The Independent Power Producers Office (IPPO) is another example of an interesting, young, institution that gained status and respect through the sheer force of personality of its founding head — Karen Breytenbach — to push it, stealth-like, from a Treasury idea, through a department of mineral resources & energy office to an independent institution.
After Breytenbach’s abrupt departure the institution looked increasingly wobbly, but now under new head Bernard Magoro, who comes with his own credibility from his work at Eskom, so the IPPO can reaffirm its credibility. (Though this is not to say it won’t be tested — especially trying to procure coal power in December.)
The ultimate examples of institutions with credibility have come from speaking truth to power. Most famously was Thuli Madonsela as public protector, but her departure showed how quickly an institution can crumble and lose credibility with the wrong person leading it. A different situation has happened with the auditor-general, where Tsakani Maluleke is strengthening an already strong institution.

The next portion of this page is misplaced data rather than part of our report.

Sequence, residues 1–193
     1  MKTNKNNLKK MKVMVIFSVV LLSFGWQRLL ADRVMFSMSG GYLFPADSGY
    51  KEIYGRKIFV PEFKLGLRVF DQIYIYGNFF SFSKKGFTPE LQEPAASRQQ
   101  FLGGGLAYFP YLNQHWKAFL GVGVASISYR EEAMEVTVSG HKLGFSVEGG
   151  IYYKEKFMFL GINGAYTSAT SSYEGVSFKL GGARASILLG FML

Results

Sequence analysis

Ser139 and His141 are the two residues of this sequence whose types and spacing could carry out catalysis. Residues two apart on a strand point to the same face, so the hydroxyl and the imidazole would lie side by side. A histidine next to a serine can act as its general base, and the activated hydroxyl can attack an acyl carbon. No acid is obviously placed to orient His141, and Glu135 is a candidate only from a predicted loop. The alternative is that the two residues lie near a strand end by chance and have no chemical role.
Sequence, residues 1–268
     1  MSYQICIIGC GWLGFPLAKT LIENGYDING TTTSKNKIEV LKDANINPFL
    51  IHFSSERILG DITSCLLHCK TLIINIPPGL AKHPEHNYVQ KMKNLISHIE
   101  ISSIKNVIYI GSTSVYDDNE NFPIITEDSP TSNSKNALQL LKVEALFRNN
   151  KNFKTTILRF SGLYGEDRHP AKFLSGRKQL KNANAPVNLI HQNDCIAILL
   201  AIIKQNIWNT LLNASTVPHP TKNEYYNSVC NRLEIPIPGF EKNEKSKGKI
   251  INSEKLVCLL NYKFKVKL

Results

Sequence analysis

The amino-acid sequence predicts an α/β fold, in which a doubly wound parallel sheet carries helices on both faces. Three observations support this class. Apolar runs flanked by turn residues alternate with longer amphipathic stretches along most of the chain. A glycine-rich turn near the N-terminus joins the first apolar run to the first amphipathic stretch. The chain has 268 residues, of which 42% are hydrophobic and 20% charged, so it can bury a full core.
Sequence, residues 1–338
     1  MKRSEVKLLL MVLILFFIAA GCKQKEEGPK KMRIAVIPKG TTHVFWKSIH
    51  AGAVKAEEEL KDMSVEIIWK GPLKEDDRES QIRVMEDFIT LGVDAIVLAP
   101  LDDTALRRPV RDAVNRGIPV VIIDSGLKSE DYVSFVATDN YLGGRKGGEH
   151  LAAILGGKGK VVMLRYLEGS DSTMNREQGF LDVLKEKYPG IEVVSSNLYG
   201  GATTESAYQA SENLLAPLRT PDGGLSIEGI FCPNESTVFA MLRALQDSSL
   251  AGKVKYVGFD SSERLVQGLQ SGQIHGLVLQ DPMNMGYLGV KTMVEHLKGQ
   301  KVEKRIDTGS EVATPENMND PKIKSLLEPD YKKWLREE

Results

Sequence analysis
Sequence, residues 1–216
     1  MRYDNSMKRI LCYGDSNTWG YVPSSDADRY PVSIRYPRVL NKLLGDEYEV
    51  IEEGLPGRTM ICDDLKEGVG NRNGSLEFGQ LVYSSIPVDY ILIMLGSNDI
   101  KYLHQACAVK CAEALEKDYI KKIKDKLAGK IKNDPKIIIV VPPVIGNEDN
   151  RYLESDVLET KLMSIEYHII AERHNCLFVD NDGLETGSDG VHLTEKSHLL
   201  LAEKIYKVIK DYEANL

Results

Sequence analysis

Personalities are important. Phindile Baleni’s appointment as director-general in the presidency has aroused interest, as she is seen as someone who can make the government work. The presidency as an institution has seemed somewhat listless for some time as a broader institution (rather than just a few good people here and there).